I'm looking for 1950's era book. US is surrounded by a force field, and a British pilot lands and finds US degenerated due to radiation.

I read this book in my grandparents' house in the late 70's/early 80's, that had been left behind by my uncle, probably in the late 1950's before he went to college. It possibly could have been a little earlier since another book I read then was the hardback Hal Clements' A Mission of Gravity that was published in 1954.

The book I am trying to find was a paperback containing two novels (novellas?) with the cover art on both sides of the book and to read it you would flip it over. I don't remember the publisher.

The plot is that after WWII the US had the atomic power and the bomb, and isolated themselves from the rest of the world and technologically was thought to be much more advanced. The British RAF pilot is doing reconnaissance flights notices the barrier is down and flies in and lands. There he eventually finds many technologically wondrous things such as an underground transportation system connecting the major cities that can transport him across the country. Eventually he ends up in Washington, D.C. The story becomes about how the dependence on atomic power leads to the degeneration of the people. I am fuzzy about how that worked but there was maybe devolution or loss of intelligence or loss of fertility. Hence one of the elite deciding to lower the barrier and let the British pilot land and explore with options of restarting interactions with the rest of the world. I think the time was sometime after 2000, but not dramatically so.

I guess there's a chance the that the pilot was Canadian instead of British, and I don't remember exactly if it was just the United States, or all of North America that had the force field.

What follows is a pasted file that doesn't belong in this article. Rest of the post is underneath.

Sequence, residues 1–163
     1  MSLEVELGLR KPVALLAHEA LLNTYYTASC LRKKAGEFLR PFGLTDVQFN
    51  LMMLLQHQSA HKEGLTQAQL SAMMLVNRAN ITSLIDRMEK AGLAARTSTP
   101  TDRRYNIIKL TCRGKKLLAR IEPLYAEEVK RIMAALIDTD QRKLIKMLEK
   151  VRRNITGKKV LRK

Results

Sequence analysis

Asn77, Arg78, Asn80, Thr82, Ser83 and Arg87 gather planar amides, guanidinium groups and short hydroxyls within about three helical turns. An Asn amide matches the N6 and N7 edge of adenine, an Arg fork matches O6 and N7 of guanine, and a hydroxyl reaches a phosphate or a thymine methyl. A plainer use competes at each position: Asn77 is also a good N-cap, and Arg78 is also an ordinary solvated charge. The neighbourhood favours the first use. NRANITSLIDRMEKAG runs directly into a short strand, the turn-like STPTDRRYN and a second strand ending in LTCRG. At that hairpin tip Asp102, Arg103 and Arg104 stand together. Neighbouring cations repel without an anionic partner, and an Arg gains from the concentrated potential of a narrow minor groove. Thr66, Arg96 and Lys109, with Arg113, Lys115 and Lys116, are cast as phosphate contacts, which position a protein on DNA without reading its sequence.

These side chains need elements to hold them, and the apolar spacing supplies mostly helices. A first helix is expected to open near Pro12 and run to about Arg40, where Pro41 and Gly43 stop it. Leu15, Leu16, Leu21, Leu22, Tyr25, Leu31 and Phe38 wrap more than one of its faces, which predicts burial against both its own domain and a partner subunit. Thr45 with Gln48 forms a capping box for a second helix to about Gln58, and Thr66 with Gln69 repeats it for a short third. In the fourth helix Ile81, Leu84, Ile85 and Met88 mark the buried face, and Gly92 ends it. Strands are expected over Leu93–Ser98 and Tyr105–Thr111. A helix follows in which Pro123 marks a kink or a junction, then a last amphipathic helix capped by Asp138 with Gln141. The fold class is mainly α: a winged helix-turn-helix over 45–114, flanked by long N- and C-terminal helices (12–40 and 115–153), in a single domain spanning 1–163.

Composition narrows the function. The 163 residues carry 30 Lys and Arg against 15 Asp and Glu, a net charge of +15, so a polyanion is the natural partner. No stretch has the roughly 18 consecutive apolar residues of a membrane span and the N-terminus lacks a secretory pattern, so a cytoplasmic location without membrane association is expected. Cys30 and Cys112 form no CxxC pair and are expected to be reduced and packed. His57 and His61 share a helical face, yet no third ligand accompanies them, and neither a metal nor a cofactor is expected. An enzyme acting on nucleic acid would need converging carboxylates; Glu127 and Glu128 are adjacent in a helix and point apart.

• 4
    Two stories, each "upside down" relative to the other, means you are remembering one of the old "Ace Double" paperbacks. There's a complete list at en.wikipedia.org/wiki/List_of_Ace_double_titles -- but I don't know which one contained the plot you describe.
    – Lorendiac
    May 17, 2020 at 17:53
  • @Lorendiac I'll take a look at some of the other a Ace titles too, might be fun to read or reread some other vintage stuff too.
    – UVphoton
    May 17, 2020 at 19:27

1 Answer 1


Atom Curtain -- later known as The Atom Curtain -- by Nick Boddie Williams. Originally published in 1956 as Atom Curtain, half of an "Ace Double" paperback as I thought. (The other half was a story by Gordon R. Dickson.) This cover-scan may look familiar?

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Here's some text from the Amazon.com listing for a modern reprint which includes the Williams story -- with the word "The" added to the title, and then the whole thing is combined, for some reason, with a story by the late Gardner Fox. (Don't ask me why they did it that way instead of just reprinting the old Ace Double's contents.) You will see that this description of The Atom Curtain matches very well with your recollection of the basic premise of the plot, and the timing is right for your uncle to have bought it new in 1956, and then left it behind when he went off to college.